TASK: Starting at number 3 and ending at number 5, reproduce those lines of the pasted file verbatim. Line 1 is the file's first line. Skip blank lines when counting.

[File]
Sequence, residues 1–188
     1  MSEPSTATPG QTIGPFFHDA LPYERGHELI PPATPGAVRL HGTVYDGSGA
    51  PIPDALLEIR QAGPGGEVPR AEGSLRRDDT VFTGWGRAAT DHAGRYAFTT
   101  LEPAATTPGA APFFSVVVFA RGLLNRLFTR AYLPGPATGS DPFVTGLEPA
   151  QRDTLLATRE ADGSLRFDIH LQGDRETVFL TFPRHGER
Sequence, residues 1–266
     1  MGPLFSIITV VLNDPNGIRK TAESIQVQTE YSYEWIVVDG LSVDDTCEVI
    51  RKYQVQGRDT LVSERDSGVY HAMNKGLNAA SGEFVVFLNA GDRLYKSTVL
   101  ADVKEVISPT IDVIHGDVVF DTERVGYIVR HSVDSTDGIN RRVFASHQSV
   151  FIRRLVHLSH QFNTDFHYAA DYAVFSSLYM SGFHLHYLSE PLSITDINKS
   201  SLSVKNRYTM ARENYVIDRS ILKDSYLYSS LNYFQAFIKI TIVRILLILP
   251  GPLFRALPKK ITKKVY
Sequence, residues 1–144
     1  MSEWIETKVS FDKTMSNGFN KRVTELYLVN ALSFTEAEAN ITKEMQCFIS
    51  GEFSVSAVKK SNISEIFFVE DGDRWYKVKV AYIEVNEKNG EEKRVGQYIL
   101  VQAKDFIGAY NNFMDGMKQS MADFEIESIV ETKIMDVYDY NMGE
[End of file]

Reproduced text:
    51  PIPDALLEIR QAGPGGEVPR AEGSLRRDDT VFTGWGRAAT DHAGRYAFTT
   101  LEPAATTPGA APFFSVVVFA RGLLNRLFTR AYLPGPATGS DPFVTGLEPA
   151  QRDTLLATRE ADGSLRFDIH LQGDRETVFL TFPRHGER